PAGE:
Natural Disasters, Infectious Diseases, and Revolutions: FSU History Alumna Dr. Cindy Ermus talked to Marina Ortiz
Dr. Cindy Ermus researches disasters. For Ermus, this covers natural disasters, infectious diseases, and even political events. This year, she returned to Tallahassee to attend the Consortium on the Revolutionary Era (CRE), where she gave a talk that positions revolutions as disasters. However, the trip to Tallahassee was more than just an opportunity to present her scholarship—it was a reunion. Ermus graduated with her PhD in History from Florida State University almost six years ago and returning to Tallahassee was a nostalgic experience for her. “From the moment I stepped out of the airport into my ride to the DoubleTree, I was already nostalgic. I remembered the roads and the route back to the center of town and everything,” she reflected.
Her time at FSU not only prepared her for her career as a professional historian but also introduced her to lifelong friends and supportive mentors. When asked about favorite memories and experiences at FSU, Ermus said it was the people she met that stood out the most in her mind. The community she found at FSU made her graduate school experience a positive one. With fellow FSU alumni and friend Bryan Banks, she co-founded the open-access online journal Age of Revolutions, now a five-year old project. Ermus also met her husband at a history student and faculty potluck while she was in the second year of her master’s and he was in the first year of his PhD.
Ermus said FSU prepared her for the job market and the transition from student to professor in numerous ways. The extensive research she did while in graduate school prepared her for writing and publishing, and the experience she gained in the classroom as a TA proved to be invaluable. On teaching, Ermus said: “Having the teaching experience was key. I know that really helped me on the market.” Although she came into the program at FSU with the intent of studying France, she eventually evolved into a historian of the French Atlantic. She credits broadening her research focus as an important means for marketing herself on job applications. Ermus says that although the job market is extremely difficult, her fellow graduate students in the Institute on Napoleon and the French Revolution have all done very well for themselves and found jobs. She counts herself fortunate to have found a tenure-track job her first year on the market. Though she began her tenure-track career in Canada, she eventually ended up at the University of Texas at San Antonio, where she currently teaches.
Because of her experience in the classroom, Ermus says the transition from graduate school to working in the profession went very smoothly, although one of the more challenging aspects was adjusting to service and committee work. When reflecting on the job market Ermus had advice for current graduate students. To have an advantage in a very difficult market, she recommended applying early. Applications are strengthened with a good cover letter and letters of recommendation that come from a diverse set of professors from various institutions. Publishing and teaching while in grad school is also important. In addition, Ermus also encourages graduate students to think outside the box in terms of how they can apply their degree to a career. “There's a lot of really rewarding ways of using your degree, not just necessarily in the tenure track,” she said. In this current job market, she stresses the importance of being flexible.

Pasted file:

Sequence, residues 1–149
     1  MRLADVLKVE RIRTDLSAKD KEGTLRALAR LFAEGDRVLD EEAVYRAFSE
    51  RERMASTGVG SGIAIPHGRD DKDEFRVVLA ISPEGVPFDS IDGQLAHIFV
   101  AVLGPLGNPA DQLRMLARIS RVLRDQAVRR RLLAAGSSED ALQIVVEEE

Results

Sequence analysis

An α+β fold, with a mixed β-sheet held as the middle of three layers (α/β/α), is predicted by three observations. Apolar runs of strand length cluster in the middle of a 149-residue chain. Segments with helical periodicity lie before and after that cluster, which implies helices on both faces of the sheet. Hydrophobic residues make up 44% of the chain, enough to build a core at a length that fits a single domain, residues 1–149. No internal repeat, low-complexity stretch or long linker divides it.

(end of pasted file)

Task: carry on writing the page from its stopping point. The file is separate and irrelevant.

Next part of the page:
Ermus encourages history students to get involved with the digital humanities. Across the profession, the demand for a digital history background is growing, and Ermus says that having this experience can make job candidates more competitive. As one of the co-founders of Age of Revolutions, Ermus has extensive experience working with the digital humanities. Age of Revolutions grew out of her interest in the revolutionary era and was created with the intent of making a public-facing, open-access platform for scholarship. It not only serves the public interested in history, but also provides a critical vehicle for scholars to publish their work in a peer-reviewed, professional format on an accelerated timeline compared to that of other journals.
In addition to working on Age of Revolutions, her own research centers on disasters. Ermus sees the value and necessity of studying disasters. She began focusing on disaster in her master’s program, where she discovered records about a fire that took place in Spanish colonial New Orleans. Over time, Ermus began to look at disasters in a broader sense. “I realized early on that we should expand disasters to include political events like revolution, as well as disease and plague, which is what I'm looking at now for my book manuscript.” During a time of frequent natural disasters as well as the current pandemic, Ermus’s work is timelier than ever. She became interested in disasters in large part because of her upbringing. She grew up in Miami amidst ruinous hurricanes and frequent fires in the Everglades. Growing up in what she calls a “capital of disaster” sparked her interest, and lack of scholarship on the topic drove her to pursue it further.
Ermus gave her talk “Revolution as Disaster” at the CRE in late February. The conference served as a platform for emerging and established scholars to present and get feedback on their scholarship. Presenters then had the opportunity to submit their papers to Age of Revolutions for publication. Ermus encourages FSU history students to “definitely keep up with AgeofRevolutions.com and consider contributing!”